TEHRAN -- Iranian President Mahmoud Ahmadinejad was locked in three separate rows with the heads of powerful institutions Tuesday amid a mounting backlash against his virulent attacks on opponents.
Ahmadinejad fired off a letter to parliament speaker Gholam Ali Hadad Adel, furiously denouncing him for an "inexplicable act" in bypassing the presidency by giving the order to implement legislation in an official newspaper.
Meanwhile, the heads of two powerful judiciary bodies lambasted Ahmadinejad for accusing his opponents in a speech last week of forming an economic and political mafia, saying there was no evidence such networks existed.
The public arguments come ahead of the second round of parliamentary elections on Friday. Ahmadinejad himself must seek re-election in summer 2009 against a background of discontent over high inflation.
"Unfortunately once again your inexplicable act...created a new opportunity for ill-wishers to pressure and accuse the government," Ahmadinejad said in the letter to Hadad Adel, quoted by the Kargozaran newspaper and other media. "Is it right to attack the government, which is severely under fire by the corrupt ones for its justice-seeking and obtaining the nation's rights and dignity?
"If it (your action) was not a clear violation of the constitution I would never have initiated this correspondence," he said.
Hadad Adel, whose daughter is married to the son of supreme leader Ayatollah Ali Khamenei, is a powerful figure in Iran who has only occasionally gone public with explicit criticism of the president.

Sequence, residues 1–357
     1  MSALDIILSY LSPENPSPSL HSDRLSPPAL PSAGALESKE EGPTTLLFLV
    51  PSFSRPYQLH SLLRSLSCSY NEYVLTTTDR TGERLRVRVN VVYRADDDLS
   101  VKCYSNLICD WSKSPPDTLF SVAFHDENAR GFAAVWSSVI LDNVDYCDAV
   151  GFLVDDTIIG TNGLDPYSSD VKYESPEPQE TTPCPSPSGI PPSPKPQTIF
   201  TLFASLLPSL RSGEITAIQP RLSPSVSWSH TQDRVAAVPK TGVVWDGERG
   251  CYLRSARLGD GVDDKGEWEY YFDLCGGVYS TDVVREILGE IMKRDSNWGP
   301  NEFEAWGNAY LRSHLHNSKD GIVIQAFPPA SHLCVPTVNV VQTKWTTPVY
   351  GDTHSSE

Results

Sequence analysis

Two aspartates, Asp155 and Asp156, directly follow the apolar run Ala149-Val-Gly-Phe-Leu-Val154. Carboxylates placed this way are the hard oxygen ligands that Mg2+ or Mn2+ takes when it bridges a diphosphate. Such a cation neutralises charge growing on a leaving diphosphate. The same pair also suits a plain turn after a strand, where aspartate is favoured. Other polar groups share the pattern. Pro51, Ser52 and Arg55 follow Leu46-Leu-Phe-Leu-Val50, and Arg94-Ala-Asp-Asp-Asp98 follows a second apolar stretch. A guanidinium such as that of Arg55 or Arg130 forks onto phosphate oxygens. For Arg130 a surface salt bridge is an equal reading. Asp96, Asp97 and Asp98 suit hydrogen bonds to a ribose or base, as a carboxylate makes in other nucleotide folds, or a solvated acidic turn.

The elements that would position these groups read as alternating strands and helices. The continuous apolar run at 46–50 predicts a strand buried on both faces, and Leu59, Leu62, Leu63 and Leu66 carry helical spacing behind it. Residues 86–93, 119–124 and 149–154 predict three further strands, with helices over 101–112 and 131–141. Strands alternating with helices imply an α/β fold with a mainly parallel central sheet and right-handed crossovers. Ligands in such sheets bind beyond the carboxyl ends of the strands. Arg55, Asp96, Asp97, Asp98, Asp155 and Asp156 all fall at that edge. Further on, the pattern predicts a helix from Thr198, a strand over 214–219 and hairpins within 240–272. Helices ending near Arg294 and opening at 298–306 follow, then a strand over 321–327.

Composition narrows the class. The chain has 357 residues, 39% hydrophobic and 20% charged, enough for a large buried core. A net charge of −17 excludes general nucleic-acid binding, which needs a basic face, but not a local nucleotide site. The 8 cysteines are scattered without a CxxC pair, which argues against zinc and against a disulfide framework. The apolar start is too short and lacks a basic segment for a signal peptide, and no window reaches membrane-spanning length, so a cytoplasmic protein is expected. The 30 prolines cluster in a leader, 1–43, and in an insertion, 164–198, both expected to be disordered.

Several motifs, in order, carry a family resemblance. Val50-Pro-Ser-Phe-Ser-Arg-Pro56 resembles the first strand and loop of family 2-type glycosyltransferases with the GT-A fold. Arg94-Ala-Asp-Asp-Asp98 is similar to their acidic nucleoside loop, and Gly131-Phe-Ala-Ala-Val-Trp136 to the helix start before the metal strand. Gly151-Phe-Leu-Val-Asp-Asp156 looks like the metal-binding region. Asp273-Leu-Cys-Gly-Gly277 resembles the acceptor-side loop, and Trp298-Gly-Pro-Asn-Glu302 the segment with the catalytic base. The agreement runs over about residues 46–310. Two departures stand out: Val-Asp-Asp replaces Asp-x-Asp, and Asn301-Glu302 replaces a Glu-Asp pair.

Ahmadinejad made an attack on opponents in a speech in the clerical center Qom last week that was unprecedented in its vehemence, vowing to "cut their hands" to break networks of economic and political corruption.
"I will go to the end to change and uproot all these corrupt people or who show a lack of determination. I fear nothing," he said.
But Mohammad Niazi, the head of the state inspection organization, a branch of the judiciary charged with investigating economic and administrative issues, said there was "no record" of the existence of an economic mafia in Iran.
The head of the state organization for the registration of properties, Hossein Ali Amiri, sent a strongly worded letter to Ahmadinejad complaining of his " surprising and pitiful" accusations.
"Using the word mafia, regardless of its legal international meaning will have an irreversible effect on the administrative and judicial system," he said in the letter quoted by Kargozaran.
In the past week, Ahmadinejad has also been under fire from three leading clerics for his economic polices and has been criticized in the press for making excessive changes to his cabinet.
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